Checking for Chametz before Pesach
The days preceding Pesach are days of introspection and making resolutions. One should use these days to ponder the mitzvot he is given then, and try to understand their meaning. Through this, he will come to positive conclusions. These are days of elevation, or chas v’shalom, descent.
The Torah commands us to destroy all chametz before Pesach. Simply nullifying all of one’s chametz is sufficient, according to the Torah (Pesachim 4b). However, our Sages say that one must also check for chametz (ibid. 2a, in the Mishnah.) All chametz must be categorically removed from one’s domain, in order to avoid the temptation of finding chametz and desiring to consume it on Pesach. Our Chachamim therefore stated that one must rid himself completely of all chametz and destroy it (ibid. 6b).
The physical act of burning the chametz is a reference to the eradication of what chametz represents spiritually. The main act of searching for and destroying chametz does not involve the chametz in one’s house, in his attic, garage, office, or car, but the chametz in his mind and in his heart. He should expunge from within himself all vestiges of the Yetzer Hara, which is pure unadulterated chametz. He should uproot from his heart all bad character traits that he has become accustomed to.
Just as physical chametz requires actual burning, so too, it is insufficient to merely eliminate aveirot from his mind and his heart, but he must search for them, and rectify them completely, in order that he should never repeat them. He must completely cleanse himself. This is the perfect preparation for Pesach.
On Pesach, every person should feel that he is totally destroying his bad middot and his sins, just like on Yom Kippur. The holiday of Pesach is the symbol of freedom. On Pesach, our nation was liberated. It is called “zman cheiruteinu – The time of our liberation.” Chazal teach (Avot 6:2; Bamidbar Rabbah 10:21), “The truly free man is the one who engages in the study of the Torah.” Through Torah he is able to eradicate the spiritual chametz in his heart, freeing himself of the Yetzer Hara.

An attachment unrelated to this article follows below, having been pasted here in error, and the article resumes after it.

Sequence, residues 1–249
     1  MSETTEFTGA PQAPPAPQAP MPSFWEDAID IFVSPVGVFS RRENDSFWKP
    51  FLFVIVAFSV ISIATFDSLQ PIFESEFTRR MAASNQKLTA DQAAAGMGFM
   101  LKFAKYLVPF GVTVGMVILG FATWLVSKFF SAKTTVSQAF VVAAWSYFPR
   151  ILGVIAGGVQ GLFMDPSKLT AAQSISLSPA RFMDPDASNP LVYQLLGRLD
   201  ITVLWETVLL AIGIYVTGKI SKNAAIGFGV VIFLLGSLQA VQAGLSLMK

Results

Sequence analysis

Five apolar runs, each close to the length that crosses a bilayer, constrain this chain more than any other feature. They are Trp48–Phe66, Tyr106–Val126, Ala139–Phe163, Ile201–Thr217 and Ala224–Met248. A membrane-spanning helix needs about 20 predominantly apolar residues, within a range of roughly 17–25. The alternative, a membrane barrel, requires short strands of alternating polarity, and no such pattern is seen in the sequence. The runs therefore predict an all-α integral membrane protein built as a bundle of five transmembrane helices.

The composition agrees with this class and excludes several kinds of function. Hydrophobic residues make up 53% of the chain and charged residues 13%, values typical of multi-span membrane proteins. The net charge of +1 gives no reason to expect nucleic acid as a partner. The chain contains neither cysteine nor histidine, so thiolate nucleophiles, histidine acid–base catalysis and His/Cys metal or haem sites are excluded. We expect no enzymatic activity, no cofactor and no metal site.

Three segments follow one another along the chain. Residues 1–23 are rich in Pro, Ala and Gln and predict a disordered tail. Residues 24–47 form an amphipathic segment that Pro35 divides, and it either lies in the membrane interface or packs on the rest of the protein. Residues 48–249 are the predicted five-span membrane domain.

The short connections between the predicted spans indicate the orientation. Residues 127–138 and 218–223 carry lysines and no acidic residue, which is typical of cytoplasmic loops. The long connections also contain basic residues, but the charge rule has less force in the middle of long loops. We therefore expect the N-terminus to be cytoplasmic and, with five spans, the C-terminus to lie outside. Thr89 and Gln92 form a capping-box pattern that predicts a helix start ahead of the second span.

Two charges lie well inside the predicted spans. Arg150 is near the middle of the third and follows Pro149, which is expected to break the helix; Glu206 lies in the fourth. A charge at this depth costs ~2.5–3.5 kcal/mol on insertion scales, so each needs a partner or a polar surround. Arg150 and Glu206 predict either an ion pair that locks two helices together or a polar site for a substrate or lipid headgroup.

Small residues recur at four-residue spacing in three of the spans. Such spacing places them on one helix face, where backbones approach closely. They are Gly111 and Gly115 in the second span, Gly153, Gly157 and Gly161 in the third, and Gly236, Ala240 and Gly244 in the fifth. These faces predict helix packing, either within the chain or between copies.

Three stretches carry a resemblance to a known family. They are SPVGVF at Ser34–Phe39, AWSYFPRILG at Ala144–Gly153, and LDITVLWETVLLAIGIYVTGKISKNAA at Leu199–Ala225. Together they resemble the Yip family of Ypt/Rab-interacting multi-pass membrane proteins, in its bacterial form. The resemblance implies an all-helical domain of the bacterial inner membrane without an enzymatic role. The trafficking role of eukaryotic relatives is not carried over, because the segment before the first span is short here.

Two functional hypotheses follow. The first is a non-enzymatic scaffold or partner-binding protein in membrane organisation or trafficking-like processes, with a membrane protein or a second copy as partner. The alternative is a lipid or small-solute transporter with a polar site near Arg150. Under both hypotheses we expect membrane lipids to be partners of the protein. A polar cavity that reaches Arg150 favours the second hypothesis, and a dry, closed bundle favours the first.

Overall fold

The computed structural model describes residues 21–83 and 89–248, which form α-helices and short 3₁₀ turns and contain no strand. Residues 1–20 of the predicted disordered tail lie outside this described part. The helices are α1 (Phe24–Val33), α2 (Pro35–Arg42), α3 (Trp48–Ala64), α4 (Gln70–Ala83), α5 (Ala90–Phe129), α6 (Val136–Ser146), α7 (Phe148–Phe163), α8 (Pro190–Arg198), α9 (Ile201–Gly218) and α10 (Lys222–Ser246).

At the time of Yetziat Mitzrayim, Bnei Yisrael were at an all-time low, wallowing in the forty-ninth level of impurity (Zohar Chadash, Yitro
39a). But on Pesach they were extricated and brought to the heights of spirituality, to the extent that our Sages tell us (Mechilta, Beshalach 15) that at the Yam Suf, a servant woman saw more miracles than later prophets were able to see. They received the mitzvot of the korban Pesach, as well as milah, as the Navi (Yechezkel 16:6) proclaims, “Then I passed you and saw you wallowing in your blood.” The removal of the foreskin alludes to their elimination of the Yetzer Hara and tumah. They attained the level of submission to Hashem represented by Shabbat Hagadol, tying the avodah zarah of Mitzrayim to their bedposts (Tur, Orach Chaim, ch. 470).
In this manner, they demonstrated to one and all that they were bound to Hashem and not the Yetzer Hara. They left Egypt without any provisions, for they had trust in Hashem, Who would see to their needs.
We are enjoined to remember the day we left Egypt all the days of our life (based on Devarim 16:3). Indeed, numerous times a day, we remember our Exodus from Egypt.
It is not sufficient to remember it only one day a year, on Pesach. One who wishes to truly associate himself with our nation’s creation, their trials, and their connection with Hashem, must remember Yetziat Mitzrayim every day, as well as every night. Chazal teach us (Berachot12b) that the words, “All the days of your life” means at night, as well.
In this manner, one comes to the understanding that Hashem is watching over us at all times. He will realize that there is none like Hashem, Who responds to our cries.
We are living in difficult times, yet every day we witness Hashem’s miracles. We must believe that Hashem never removes His protection from His nation (Tehillim 111:4). Therefore, every day, we must remember the story of the Exodus from Egypt. Chazal state (Pesachim116b), “In every generation, a person is obligated to see himself as though he left Egypt.” We should take a lesson from our ancestors in Egypt, who, from the lowest level possible, ascended the ladder of spirituality, until they reached the level of angels